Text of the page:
Opiate peptides, interacting with m opiate receptors (MORs), affect food intake. One explanation for the basis of these effects is that they influence food palatability. Forebrain structures, especially nucleus accumbens and the ventral pallidum, comprise a critical substrate for the effect of MORs on feeding. Nevertheless, endorphins also impact eating through brainstem circuits, although the loci, effects, and mechanisms of these influences are less clear. One candidate brainstem region includes taste neurons in the rostral nucleus of the solitary tract (rNST) and oromotor circuitry in subjacent reticular formation (RF), a functionally-integrated region that we call the """"""""rostral solitary complex"""""""" (RSC). Previous studies suggest that injecting MOR agonists into this vicinity increases food intake whereas antagonists have the opposite effect. Preliminary data with more precise injections and behavioral measures, however, instead suggest that MOR agonist infusions into the RSC exert multiple influences, including immediate effects more indicative of a suppression of feeding. We hypothesize that these complex effects reflect the interaction of these ligands at multiple points in this heterogeneous circuitry. The goal of the present proposal is to precisely define the behavioral consequences of manipulating MORs in the rNST and subjacent RF and to specify the sites and cellular basis of these effects.
The Specific Aims are to: (1) Analyze the sensory and motor consequences of manipulating MORs in the rNST and subjacent RF by making small (60nl) infusions of MOR agonists (DAMGO) and antagonists (CTOP), and using multiple behavioral measures, including taste reactivity and short-term taste preference tests. (2) Establish the impact of local injections of DAMGO and CTOP on single-unit gustatory and oral somatosensory responses in the rNST and RF in an in vivo preparation, and (3) Perform in vitro, patch-clamp recordings from the rNST and subjacent RF to characterize the cellular basis of MOR modulation of neurons identified by their afferent and efferent connectivity. Previous work, including studies completed during the last project period, has clarified neurophysiological response properties and connectivity of brainstem taste neurons but knowledge about neurotransmitter function in central taste circuits is scarce. The proposed experiments will begin to fill this void. Moreover, these studies will contribute to understanding of the neural control of feeding, a behavior profoundly impacting human health. The neural substrate regulating eating is complex, involving interactions between multiple regions and levels of the central nervous system. Taste has a major influence on this behavior and the rNST is the 1st central site where these sensory signals are processed. The underlying RF contains motor circuitry comprising a final common pathway that integrates forebrain and hindbrain signals determining whether food intake continues or is aborted. The goal of this proposal is to understand how one class of neuromodulators important in feeding, m opiate ligands, interact at these critical nodes.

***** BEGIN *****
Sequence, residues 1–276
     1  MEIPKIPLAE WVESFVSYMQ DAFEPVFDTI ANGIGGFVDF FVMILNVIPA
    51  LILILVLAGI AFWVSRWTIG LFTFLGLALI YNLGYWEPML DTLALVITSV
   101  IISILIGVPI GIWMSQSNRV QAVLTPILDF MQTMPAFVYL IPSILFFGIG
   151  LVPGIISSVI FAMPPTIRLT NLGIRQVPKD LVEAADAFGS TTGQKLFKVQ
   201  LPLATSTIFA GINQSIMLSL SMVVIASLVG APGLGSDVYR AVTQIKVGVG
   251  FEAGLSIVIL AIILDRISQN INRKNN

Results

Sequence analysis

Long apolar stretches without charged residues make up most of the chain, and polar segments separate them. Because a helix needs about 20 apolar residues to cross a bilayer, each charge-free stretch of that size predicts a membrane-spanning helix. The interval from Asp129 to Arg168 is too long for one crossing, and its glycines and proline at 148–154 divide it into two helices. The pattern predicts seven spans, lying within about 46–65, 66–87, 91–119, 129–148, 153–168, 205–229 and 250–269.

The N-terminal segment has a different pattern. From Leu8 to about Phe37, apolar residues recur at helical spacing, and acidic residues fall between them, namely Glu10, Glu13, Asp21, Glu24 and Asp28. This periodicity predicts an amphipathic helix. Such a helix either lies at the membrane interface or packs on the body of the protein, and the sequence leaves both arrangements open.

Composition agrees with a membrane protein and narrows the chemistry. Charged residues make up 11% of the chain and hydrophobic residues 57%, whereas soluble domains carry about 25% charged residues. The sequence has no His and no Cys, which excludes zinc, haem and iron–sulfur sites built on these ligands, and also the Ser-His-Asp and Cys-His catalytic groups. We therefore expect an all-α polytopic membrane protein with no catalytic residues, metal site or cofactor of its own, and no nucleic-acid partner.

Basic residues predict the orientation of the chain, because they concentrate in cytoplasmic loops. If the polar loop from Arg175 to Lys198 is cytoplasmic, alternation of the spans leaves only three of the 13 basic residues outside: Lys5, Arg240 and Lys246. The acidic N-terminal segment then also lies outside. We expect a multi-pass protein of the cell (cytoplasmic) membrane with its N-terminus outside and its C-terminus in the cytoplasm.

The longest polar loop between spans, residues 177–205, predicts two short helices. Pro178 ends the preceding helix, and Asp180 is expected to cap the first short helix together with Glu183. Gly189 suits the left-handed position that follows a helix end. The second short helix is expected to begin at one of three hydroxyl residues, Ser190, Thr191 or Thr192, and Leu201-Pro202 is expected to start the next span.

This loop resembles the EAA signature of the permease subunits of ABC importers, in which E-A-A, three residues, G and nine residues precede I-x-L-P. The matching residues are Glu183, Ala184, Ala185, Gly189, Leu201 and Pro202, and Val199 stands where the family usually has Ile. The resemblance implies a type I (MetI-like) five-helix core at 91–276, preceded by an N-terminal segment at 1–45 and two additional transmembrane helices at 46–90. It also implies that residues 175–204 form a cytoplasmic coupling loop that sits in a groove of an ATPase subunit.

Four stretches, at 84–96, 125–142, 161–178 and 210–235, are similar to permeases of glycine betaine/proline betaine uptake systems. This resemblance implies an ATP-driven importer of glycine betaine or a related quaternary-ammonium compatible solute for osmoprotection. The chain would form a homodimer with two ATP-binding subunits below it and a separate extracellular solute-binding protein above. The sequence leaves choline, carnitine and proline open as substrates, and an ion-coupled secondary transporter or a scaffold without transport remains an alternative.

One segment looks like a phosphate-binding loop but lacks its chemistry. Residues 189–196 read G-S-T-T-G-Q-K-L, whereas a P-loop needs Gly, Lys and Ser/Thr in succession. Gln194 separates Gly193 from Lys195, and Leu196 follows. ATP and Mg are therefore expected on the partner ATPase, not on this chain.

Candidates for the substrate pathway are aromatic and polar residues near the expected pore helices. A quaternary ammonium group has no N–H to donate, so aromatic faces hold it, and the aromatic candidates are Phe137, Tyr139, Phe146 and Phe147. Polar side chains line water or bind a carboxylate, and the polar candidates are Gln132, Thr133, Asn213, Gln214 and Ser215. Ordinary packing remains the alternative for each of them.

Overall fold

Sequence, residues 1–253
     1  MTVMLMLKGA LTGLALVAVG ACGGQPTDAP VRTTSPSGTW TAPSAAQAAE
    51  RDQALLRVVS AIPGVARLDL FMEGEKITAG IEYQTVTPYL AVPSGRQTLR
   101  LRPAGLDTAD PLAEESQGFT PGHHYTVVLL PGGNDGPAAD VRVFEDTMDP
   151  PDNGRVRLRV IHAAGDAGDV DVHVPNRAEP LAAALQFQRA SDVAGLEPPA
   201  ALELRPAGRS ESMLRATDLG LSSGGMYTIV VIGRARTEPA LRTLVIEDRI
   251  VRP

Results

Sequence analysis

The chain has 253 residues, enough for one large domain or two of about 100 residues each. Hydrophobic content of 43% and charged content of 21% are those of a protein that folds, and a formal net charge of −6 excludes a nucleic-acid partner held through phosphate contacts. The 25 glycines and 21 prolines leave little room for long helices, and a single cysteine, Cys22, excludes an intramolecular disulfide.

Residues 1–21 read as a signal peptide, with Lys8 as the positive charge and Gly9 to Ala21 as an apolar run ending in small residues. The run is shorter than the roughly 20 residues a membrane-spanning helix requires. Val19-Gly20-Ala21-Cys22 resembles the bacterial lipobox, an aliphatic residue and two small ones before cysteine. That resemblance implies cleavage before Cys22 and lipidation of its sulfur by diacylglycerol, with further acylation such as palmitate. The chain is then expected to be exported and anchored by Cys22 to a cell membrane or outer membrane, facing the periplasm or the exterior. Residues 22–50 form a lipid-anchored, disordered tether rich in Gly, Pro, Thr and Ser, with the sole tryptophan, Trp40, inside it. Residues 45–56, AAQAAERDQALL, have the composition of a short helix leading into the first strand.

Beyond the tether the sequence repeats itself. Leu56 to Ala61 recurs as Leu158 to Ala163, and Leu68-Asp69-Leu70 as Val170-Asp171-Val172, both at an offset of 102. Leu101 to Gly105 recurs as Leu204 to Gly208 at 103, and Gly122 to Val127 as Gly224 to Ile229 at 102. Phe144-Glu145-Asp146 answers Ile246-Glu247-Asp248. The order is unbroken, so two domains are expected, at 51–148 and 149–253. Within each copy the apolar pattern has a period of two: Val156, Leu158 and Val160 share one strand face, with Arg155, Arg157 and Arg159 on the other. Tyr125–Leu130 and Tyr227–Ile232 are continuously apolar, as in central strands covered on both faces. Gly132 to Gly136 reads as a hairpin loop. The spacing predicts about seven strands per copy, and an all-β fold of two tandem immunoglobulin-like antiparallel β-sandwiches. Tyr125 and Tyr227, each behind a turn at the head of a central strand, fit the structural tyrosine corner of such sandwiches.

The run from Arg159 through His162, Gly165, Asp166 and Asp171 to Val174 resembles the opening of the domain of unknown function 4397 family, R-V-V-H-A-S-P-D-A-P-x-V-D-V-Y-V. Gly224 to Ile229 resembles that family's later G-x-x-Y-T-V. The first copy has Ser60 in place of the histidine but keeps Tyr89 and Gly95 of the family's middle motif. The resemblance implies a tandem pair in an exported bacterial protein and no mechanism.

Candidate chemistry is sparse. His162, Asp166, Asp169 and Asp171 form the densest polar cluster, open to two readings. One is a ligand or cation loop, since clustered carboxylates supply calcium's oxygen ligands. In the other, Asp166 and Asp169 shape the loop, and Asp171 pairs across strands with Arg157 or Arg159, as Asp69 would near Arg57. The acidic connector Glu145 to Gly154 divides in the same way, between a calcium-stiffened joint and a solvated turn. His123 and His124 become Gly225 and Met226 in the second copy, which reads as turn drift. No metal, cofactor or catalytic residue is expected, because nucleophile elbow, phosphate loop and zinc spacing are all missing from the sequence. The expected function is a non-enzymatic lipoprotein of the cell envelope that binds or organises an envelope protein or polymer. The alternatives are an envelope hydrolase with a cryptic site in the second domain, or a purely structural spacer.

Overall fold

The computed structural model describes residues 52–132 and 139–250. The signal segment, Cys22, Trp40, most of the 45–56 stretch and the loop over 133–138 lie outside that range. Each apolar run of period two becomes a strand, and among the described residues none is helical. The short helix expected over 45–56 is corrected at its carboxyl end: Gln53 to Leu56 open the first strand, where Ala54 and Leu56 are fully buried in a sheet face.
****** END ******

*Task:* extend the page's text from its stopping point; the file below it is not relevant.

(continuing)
The rostral portion of the nucleus of the solitary tract is the initial termination site of all primary afferent fibers conveying gustatory information. Good nutrition is critical to health, and the sense of taste profoundly impacts the type and amount of food eaten. This project will focus on how one class of opiate peptides known to promote eating, influences this region of the brain.
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